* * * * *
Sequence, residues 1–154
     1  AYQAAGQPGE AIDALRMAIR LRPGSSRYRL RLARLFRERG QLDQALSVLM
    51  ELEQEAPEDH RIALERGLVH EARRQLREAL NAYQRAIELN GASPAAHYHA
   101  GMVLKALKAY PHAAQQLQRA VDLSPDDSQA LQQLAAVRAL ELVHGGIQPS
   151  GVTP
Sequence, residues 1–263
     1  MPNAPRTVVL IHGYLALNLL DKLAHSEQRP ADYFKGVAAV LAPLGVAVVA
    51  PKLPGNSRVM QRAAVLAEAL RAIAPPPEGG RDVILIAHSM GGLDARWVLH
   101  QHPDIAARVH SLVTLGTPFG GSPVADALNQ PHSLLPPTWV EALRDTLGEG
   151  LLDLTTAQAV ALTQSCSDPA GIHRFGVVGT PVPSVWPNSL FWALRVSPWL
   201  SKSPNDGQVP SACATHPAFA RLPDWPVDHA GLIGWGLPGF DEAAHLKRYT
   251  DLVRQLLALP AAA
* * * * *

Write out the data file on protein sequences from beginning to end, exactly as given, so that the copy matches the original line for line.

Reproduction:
Sequence, residues 1–154
     1  AYQAAGQPGE AIDALRMAIR LRPGSSRYRL RLARLFRERG QLDQALSVLM
    51  ELEQEAPEDH RIALERGLVH EARRQLREAL NAYQRAIELN GASPAAHYHA
   101  GMVLKALKAY PHAAQQLQRA VDLSPDDSQA LQQLAAVRAL ELVHGGIQPS
   151  GVTP
Sequence, residues 1–263
     1  MPNAPRTVVL IHGYLALNLL DKLAHSEQRP ADYFKGVAAV LAPLGVAVVA
    51  PKLPGNSRVM QRAAVLAEAL RAIAPPPEGG RDVILIAHSM GGLDARWVLH
   101  QHPDIAARVH SLVTLGTPFG GSPVADALNQ PHSLLPPTWV EALRDTLGEG
   151  LLDLTTAQAV ALTQSCSDPA GIHRFGVVGT PVPSVWPNSL FWALRVSPWL
   201  SKSPNDGQVP SACATHPAFA RLPDWPVDHA GLIGWGLPGF DEAAHLKRYT
   251  DLVRQLLALP AAA